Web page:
Henry Addington, 1st Viscount Sidmouth, was Home Secretary at the time of the Peterloo Massacre. August marks the 200th anniversary of the massacre which took place at St Peter’s Field, Manchester, when cavalry charged into a crowd of at least 60,000 who had gathered to demand the reform of parliamentary representation.
The papers of the Addington family, Viscounts Sidmouth, are held within the collections of the South West Heritage Trust. While the collection contains a wide range of estate records, title deeds and leases relating to property in Devon and other parts of Britain, the collection’s centrepiece is the political correspondence of Henry Addington.
It is the most nationally significant collection held with the Devon archives.
A Turbulent Period in British History
Prime Minister and Chancellor of the Exchequer from 1801 to 1804, and Home Secretary from 1812 to 1822, Henry Addington was a prominent figure in public affairs during a turbulent period in British and European history that included the French Revolution, the Napoleonic Wars, unrest in Ireland, growing opposition to the slave trade and social unrest at home. The collection of letters comprises correspondence to and from prominent people in national affairs, including George III, William Pitt the Younger, Nelson, Lord Grenville, Lord Liverpool, Lord Castlereagh, the Duke of Wellington and William Wilberforce. The papers relate to national and international events such as the threat of Napoleonic invasion, negotiation of the Peace of Amiens and repression of the Luddites.
“Taken as a whole the correspondence provides a unique perspective on the period from the points of view of those close to a pre-eminent politician,” Brian Carpenter, Devon archives
Saving the Collection
The collection had sustained damp and insect damage before it was deposited. A grant of £18,861 from the National Manuscripts Conservation Trust and generous donation of £2000 from the Friends of Devon’s Archives allowed conservation work to begin.
The conservator, Rebecca Dabnor, began work on the collection in April 2018, and the project finished in early 2019 with around 900 letters having been successfully conserved using high quality materials and techniques. Handmade Japanese paper with strong and flexible fibres was used to infill losses in the letters by allowing a delicate mesh of fibres to cling and fuse to the edges of the original paper. Also, through the introduction of finer tissues, it was possible to achieve an almost invisible repair without compromising the letters’ character and legibility.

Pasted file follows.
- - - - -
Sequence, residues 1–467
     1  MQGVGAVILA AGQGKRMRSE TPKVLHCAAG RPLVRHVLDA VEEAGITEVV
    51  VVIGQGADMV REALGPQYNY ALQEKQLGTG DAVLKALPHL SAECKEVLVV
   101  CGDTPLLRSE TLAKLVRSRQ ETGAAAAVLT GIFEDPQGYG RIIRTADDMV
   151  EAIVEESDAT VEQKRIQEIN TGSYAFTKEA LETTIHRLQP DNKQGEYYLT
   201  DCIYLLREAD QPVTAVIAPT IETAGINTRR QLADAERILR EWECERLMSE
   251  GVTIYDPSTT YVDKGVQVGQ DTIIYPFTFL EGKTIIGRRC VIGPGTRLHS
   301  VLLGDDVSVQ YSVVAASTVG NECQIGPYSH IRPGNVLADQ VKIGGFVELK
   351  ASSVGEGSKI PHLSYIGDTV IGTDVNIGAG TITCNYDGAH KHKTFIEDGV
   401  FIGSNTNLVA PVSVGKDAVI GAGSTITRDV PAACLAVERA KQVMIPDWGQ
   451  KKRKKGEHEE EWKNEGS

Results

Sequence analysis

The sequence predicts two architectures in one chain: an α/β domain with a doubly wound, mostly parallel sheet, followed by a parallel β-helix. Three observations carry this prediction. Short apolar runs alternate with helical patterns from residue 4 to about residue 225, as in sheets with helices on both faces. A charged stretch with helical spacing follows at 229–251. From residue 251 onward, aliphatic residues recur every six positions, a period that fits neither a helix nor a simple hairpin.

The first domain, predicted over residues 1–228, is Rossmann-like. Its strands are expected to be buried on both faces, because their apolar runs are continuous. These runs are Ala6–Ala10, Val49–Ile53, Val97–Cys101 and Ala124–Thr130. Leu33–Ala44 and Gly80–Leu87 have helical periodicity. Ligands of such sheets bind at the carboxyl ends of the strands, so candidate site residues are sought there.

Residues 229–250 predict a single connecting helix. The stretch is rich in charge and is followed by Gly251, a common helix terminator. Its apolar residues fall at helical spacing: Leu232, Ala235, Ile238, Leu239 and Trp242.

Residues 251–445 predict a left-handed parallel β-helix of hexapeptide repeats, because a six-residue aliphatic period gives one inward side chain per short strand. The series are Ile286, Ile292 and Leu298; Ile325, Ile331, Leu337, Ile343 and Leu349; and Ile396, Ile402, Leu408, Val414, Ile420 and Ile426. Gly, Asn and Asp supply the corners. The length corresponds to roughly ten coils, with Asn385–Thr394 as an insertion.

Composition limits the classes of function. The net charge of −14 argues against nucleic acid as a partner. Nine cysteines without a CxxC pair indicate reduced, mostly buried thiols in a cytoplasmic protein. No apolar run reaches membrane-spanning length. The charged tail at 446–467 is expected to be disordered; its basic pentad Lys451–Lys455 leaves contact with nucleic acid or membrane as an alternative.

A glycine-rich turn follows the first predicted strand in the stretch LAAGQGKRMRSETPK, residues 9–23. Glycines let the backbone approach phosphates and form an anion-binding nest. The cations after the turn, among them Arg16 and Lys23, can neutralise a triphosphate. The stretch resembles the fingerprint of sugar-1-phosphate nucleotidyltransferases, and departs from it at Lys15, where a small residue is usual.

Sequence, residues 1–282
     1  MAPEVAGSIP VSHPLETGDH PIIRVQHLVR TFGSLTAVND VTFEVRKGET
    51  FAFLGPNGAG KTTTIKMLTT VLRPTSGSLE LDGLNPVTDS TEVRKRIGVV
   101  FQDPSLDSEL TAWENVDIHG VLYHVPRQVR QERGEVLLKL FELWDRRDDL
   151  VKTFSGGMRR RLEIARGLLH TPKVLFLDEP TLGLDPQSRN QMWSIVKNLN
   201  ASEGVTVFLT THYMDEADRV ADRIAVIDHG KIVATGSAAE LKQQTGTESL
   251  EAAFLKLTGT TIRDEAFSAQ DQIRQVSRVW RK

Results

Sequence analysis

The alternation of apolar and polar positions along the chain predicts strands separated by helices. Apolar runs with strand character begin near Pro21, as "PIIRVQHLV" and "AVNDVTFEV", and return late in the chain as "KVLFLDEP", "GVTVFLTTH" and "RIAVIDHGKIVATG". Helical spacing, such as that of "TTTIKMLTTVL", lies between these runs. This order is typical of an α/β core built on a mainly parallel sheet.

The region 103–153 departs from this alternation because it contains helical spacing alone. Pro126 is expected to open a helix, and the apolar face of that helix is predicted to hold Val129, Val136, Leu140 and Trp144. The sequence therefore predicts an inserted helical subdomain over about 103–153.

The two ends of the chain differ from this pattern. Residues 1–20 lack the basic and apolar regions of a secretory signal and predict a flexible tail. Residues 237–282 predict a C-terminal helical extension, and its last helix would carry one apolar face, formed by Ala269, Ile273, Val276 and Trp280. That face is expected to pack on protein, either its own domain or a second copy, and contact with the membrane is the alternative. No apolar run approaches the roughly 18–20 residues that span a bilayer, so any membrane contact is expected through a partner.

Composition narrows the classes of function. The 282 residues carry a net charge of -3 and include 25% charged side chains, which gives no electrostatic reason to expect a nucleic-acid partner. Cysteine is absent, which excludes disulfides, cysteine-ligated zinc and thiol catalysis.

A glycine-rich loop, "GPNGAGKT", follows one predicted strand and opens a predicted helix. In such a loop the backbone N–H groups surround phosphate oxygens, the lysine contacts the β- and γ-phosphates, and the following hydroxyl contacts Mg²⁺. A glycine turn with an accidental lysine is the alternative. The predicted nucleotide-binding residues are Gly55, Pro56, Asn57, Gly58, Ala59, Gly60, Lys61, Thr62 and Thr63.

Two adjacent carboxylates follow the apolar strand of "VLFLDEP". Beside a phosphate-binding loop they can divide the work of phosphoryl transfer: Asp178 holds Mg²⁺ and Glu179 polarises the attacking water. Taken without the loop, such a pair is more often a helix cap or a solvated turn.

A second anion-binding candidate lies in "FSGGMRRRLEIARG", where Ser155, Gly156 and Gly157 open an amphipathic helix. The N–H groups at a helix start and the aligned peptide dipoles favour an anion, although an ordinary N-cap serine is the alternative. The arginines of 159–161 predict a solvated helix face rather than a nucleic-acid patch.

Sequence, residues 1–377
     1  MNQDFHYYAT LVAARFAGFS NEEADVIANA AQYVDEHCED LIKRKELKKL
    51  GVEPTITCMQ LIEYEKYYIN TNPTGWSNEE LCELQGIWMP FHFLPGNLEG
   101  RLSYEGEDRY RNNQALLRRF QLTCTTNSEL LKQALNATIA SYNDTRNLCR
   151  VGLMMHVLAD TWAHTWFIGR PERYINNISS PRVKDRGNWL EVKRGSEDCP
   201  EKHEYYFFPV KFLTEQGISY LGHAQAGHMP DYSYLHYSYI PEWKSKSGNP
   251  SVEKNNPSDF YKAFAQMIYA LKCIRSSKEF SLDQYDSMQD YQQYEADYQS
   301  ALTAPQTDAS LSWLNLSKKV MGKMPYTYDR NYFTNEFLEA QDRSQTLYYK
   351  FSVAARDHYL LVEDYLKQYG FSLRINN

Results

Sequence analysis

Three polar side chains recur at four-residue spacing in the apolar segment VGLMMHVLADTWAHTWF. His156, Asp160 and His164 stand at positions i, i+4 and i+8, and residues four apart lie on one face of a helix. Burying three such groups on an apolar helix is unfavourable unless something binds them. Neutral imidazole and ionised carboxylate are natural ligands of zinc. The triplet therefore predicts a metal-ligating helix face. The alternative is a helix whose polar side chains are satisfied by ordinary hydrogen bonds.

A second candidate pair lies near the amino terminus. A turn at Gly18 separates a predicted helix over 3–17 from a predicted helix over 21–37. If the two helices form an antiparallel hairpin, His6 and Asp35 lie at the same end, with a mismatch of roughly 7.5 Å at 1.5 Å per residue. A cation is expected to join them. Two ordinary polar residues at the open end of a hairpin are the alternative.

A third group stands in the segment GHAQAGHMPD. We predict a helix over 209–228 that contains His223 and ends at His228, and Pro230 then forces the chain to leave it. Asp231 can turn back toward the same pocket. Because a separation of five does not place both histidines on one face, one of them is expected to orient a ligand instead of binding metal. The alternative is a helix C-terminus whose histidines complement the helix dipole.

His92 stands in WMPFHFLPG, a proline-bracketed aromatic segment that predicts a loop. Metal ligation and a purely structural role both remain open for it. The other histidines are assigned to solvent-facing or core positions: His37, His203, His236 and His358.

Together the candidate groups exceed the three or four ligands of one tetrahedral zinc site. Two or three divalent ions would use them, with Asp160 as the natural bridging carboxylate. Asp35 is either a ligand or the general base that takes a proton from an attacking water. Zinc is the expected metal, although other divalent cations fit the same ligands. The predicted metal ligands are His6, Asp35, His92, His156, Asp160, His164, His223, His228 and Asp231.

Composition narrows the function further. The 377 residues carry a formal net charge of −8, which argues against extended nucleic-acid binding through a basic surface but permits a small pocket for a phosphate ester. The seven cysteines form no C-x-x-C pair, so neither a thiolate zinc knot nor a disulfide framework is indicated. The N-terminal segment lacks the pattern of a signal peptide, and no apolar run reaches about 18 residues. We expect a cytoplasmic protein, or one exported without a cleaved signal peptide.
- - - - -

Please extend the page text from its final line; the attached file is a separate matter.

An Invaluable Insight
The collection provides an invaluable insight into the internal workings of the government, as well as relations between important politicians and members of the Royal family. A letter [152M/C1804/OZ 7] written in May 1804 reveals the high regard the King had for Henry Addington. It was written after his resignation and immediately after the King had finished “a long but most satisfactory conversation with Mr Pitt” who would again take over the role of Prime Minister. The King requests that he attends the Queen’s palace with the seals of the Chancellor of the Exchequer:
“The King’s friendship for Mr. Addington is too deeply graven on his heart to be in the least diminished by any change of situation: his Majesty will order the warrant to be prepared for the creating Mr. Addington Earl of Banbury, Viscount Wallingford, and Baron Reading; and will order the message to be carried by Mr. Yorke to the House of Commons for the usual annuity, having most honourably and ably filled the station of Speaker of the House of Commons. The King will settle such a pension on Mrs. Addington, whose virtue and modesty he admires, as Mr. Addington may choose to propose. George R”.
Find Out More
An event to celebrate the successful project to conserve the personal papers of Henry Addington, 1st Viscount Sidmouth, will be held at the Devon Heritage Centre on the afternoon of Monday 19 August.
Tickets can be booked via TicketSource.